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Should We Invest With Family?

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Contributor:
Mary Holm
Mary Holm

Question:

We have a mortgage of approximately $200,000 with a bank, at approximately 7 per cent. My in-laws have money invested at a bank with interest at approximately 5 per cent.

Would it be practical for us to work out a legal contract together and they invest their money with us at a rate of say 6 per cent? Can you see any issues around this scenario?

Answer:

It's time for a family conference, at which you would need to discuss all of the following gloomy possibilities:

What would happen if you or your spouse - or even both of you - lost your jobs or had health problems and were unable to make payments to the in-laws for a period?

Is it possible that someone could sue you or your spouse and you lost your house? If that happened, what would you do about your debt to your in-laws?

What if your marriage ended and you wanted to stay in the house while your spouse moved elsewhere? Would your in-laws be willing to leave their money in the house? If not, would you be in a position to get a new mortgage?

What if your in-laws decided, after a while, that they wanted to spend the money, perhaps on a health problem or family financial crisis?

What would happen if you or your spouse died, or one or both of your in-laws died, while the loan was still outstanding?

All of these issues could be addressed in a contract. But before you go to a lawyer, it would be wise to make sure you all agree about how they would be handled.

Note, too, that there's not a huge amount of money at stake. You would pay $2000 a year less interest, and your in-laws would earn $2000 more interest. And for them, the extra money would be taxed if they do the right thing legally and declare the income. Weigh up the gains against legal fees and the hassle of setting it all up.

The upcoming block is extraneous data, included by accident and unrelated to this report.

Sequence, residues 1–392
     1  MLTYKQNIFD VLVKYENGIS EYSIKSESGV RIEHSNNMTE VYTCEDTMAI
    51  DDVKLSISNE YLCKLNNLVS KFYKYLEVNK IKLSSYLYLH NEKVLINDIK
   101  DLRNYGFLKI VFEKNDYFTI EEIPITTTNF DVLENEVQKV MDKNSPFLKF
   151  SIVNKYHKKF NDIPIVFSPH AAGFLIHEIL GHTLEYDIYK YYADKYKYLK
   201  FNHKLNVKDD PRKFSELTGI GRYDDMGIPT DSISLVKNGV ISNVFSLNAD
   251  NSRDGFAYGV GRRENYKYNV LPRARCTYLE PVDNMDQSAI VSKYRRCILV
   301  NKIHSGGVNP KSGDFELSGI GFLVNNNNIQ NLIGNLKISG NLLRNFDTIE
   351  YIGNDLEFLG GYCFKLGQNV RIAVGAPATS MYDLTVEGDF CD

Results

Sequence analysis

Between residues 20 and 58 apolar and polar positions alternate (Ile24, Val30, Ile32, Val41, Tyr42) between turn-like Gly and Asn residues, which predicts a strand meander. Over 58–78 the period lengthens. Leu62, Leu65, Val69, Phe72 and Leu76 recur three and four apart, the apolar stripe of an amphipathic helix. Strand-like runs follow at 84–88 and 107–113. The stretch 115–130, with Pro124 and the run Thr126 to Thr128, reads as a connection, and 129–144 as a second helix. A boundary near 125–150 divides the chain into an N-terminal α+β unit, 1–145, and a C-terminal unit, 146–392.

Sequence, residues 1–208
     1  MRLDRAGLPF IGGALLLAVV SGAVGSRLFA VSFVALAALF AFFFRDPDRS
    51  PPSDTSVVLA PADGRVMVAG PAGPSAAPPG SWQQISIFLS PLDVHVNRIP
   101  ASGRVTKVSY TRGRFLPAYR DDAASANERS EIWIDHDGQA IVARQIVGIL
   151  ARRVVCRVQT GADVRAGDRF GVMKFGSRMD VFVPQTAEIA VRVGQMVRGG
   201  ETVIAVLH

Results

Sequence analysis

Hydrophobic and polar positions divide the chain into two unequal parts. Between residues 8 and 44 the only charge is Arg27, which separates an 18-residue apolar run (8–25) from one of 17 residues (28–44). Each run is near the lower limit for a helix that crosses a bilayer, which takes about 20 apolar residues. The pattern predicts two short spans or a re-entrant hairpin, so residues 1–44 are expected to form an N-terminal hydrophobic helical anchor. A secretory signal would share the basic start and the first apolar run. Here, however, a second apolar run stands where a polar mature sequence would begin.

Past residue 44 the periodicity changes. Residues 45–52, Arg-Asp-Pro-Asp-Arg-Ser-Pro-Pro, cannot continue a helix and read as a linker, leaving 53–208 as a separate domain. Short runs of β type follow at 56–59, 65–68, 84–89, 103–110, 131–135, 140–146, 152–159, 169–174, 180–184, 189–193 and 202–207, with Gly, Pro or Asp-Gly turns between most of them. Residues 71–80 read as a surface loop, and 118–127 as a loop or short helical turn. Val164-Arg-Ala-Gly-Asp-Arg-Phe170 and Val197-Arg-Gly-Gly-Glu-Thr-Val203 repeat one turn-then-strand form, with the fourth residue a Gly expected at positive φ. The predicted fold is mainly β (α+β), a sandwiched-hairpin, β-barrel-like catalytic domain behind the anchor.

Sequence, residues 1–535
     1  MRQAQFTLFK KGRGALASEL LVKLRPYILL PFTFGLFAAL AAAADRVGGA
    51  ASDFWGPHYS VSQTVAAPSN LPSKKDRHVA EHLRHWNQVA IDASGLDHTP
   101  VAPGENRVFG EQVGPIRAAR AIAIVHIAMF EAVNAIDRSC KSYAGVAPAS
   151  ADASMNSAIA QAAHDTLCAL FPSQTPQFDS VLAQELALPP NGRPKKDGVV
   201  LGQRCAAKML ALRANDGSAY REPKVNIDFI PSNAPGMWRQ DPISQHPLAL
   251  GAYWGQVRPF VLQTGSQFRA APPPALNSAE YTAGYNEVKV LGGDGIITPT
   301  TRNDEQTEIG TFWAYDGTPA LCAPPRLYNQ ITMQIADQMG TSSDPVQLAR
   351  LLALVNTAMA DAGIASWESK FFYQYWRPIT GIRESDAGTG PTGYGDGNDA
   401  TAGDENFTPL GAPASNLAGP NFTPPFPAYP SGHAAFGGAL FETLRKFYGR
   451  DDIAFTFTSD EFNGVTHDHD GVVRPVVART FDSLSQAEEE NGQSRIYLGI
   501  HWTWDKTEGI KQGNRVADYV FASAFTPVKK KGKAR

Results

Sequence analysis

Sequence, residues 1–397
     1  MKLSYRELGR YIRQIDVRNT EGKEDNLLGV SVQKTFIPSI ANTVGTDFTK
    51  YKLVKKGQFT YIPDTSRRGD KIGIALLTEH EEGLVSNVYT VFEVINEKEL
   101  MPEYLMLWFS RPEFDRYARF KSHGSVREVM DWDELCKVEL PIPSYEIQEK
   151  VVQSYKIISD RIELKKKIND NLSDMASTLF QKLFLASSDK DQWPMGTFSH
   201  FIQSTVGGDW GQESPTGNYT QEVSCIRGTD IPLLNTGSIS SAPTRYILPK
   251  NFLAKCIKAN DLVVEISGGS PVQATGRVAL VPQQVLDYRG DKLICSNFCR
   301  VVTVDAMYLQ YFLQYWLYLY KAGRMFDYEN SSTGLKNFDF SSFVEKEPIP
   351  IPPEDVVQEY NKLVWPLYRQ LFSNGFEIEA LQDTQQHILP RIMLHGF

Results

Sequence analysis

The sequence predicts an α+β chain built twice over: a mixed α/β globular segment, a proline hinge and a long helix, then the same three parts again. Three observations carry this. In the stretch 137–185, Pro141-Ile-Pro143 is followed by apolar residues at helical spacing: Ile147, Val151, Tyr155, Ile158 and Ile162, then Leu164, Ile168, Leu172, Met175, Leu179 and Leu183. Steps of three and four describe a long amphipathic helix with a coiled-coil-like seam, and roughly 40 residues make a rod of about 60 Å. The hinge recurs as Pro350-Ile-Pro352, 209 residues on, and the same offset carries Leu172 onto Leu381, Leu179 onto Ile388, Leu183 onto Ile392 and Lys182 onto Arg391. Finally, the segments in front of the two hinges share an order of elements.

Also, if your mortgage is fixed rate, there may be an early repayment penalty. And if it's not fixed, consider what would happen if interest rates keep dropping. While your in-laws' bank account interest could be expected to drop, too, how would you handle a rate change?

If your spouse has any siblings, it would be a good idea to discuss it all with them. The harmony in many a family has been disrupted because one child got a better deal from the parents.

It might be best if the in-laws offered to make loans of the same amount, at the same interest rate, to all their children. Some might turn down the offer, but it's good if they all have the same opportunity. If the parents died while any of the loans were outstanding, those amounts could be subtracted from the borrower's inheritance.

Still like the idea? Fair enough. It does have appeal. And, under the right circumstances, it could give you and your spouse flexibility about repayments, which could prove really useful.

 

Mary Holm is the author of bestselling books on KiwiSaver and personal finance. She is also a highly praised seminar presenter. Her written advice is of a general nature, and she is not responsible for any loss that any reader may suffer from following that advice.     

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